February 7, 2022
January marked the first month that families no longer received larger monthly Child Tax Credit payments under a historic one-year expansion of the program in the American Rescue Plan. The payments helped cut New York’s child poverty rate by more than one-third.
Without these payments — an extra $1,000 over the standard $2,000 credit — 681,000 children in New York may fall back into poverty — even as COVID-19 cases continue to surge and everyday costs for families continue to rise. All of this is happening here in a state where, prior to the pandemic, one in five children lived in poverty and Black and Latinx youth were more than twice as likely to be poor than their white peers.
Fortunately, New York can act swiftly to provide urgently needed assistance to many families with children by expanding the Empire State Child Credit in our state budget. We must first expand the credit to include young children under age 4. These children are more likely to live in poverty but remain excluded from the current credit. Second, we must raise the value of the credit to $1,000 for young children and $500 for older children. The current value of the credit, which ranges from $100 per child to up to 33 percent of the family’s federal Child Tax Credit, no longer provides meaningful relief to families.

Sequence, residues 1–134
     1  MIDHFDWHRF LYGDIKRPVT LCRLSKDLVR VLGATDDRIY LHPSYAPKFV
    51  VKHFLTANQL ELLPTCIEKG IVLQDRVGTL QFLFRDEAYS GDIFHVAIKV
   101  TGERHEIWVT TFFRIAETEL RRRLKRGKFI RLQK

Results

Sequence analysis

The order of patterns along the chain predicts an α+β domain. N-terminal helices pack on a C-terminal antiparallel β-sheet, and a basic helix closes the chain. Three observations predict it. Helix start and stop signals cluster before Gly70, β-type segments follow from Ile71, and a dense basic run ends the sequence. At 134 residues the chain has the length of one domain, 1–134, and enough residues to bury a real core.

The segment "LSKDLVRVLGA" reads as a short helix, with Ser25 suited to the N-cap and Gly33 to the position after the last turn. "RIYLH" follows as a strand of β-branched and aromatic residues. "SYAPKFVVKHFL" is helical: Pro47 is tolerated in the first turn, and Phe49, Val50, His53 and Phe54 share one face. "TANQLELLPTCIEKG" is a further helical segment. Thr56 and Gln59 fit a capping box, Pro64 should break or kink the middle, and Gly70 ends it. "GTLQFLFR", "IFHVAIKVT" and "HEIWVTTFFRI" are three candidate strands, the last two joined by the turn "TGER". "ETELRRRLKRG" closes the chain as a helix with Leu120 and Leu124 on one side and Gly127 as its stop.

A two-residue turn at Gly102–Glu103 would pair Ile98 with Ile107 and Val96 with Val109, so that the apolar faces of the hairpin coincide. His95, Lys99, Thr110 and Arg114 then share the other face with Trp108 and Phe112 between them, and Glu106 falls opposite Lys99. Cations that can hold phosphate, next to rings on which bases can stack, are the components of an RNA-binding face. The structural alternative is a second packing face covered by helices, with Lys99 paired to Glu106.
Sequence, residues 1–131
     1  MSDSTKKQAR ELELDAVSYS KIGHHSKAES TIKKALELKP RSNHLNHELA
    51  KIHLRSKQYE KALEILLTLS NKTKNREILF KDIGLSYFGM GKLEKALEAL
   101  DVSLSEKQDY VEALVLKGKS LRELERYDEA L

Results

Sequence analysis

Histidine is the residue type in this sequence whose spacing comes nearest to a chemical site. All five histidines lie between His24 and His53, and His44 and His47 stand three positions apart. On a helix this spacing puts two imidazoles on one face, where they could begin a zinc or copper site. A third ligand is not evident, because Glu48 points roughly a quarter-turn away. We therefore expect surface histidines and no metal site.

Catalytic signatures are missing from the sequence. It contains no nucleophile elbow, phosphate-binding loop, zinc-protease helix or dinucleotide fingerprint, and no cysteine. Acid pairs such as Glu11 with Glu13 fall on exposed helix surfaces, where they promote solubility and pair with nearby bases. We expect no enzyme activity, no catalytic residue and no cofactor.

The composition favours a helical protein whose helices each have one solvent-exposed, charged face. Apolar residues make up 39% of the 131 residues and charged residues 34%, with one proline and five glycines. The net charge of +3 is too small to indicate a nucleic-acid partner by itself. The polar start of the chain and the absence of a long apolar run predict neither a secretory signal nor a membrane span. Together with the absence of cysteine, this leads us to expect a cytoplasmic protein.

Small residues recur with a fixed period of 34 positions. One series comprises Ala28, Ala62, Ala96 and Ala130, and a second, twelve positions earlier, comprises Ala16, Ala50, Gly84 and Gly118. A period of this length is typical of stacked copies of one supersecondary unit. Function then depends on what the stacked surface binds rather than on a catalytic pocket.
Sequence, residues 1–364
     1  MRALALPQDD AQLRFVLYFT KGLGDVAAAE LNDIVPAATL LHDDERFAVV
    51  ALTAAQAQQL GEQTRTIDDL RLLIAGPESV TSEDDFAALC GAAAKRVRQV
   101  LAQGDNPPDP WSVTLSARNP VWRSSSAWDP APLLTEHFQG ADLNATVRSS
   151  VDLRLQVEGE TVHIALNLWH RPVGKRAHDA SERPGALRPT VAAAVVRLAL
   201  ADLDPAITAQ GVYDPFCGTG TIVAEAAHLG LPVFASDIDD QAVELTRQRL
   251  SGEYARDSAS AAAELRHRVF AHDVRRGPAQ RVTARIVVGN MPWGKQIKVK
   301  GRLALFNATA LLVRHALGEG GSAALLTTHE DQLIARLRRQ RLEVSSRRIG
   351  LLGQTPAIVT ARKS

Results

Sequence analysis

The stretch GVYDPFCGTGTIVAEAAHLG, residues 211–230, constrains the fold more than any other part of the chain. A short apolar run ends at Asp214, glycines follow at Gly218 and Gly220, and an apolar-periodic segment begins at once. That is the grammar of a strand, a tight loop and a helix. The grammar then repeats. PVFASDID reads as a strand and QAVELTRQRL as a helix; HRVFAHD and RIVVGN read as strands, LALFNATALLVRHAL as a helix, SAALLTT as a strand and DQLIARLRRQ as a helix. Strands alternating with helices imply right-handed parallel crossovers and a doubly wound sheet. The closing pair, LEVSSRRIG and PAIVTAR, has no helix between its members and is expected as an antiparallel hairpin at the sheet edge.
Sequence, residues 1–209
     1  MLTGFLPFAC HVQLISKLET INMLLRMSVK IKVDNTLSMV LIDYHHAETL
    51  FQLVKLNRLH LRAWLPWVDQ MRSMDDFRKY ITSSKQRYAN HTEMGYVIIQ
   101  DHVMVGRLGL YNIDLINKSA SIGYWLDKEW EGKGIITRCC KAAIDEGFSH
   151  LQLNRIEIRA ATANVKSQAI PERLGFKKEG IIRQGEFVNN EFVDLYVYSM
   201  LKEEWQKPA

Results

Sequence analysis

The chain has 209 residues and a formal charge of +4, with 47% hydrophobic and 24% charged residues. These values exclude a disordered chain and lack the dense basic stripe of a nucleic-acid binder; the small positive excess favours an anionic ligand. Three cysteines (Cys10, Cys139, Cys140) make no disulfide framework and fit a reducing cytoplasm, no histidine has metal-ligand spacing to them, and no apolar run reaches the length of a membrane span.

For example, the U.S. Department of Health and Human Services says that affordable child care should cost 7 percent or less of annual household income. By that measure, fewer than 10 percent of families in New York state can actually afford it, and fewer than 20 percent of New Yorkers eligible for child care assistance get any. The full credit must be made available to New York’s lowest-income families by ending both the exclusion of families with annual incomes under $3,000 and the gradual phase-in for our lowest-income families. Finally, these expansions should be made for all families, and particularly those left out of the American Rescue Plan.
This expansion will help ensure that families can continue to meet the needs of their children despite new challenges created by the pandemic and economic recovery. Too many families in our state are still struggling to pay the rent or keep food on the table.
This credit makes an impact. We know from the successes of the federal Child Tax Credit that four in 10 families nationally used the credits to pay for their rent, mortgage, or utilities. In New York, 48 percent of families spent their credit on food, 38 percent spent their credit on bills, and 34 percent spent their credit on clothing and other essential items for their children. Expanding the Empire State Child Credit will enable more New York families to provide these and other necessities for their children to ensure that they have an opportunity to flourish, no matter their race, immigration status or ZIP code.
The return on investment for this expansion is also significant. Recent research from Columbia University’s Center on Poverty & Social Policy found that expanding the Empire State Child Tax Credit to $1,000 for all children under 17, except for high-income families, would cost $2.7 billion and yield $26.2 billion in returns by way of improved health and economic outcomes, and reductions in crime and government expenses.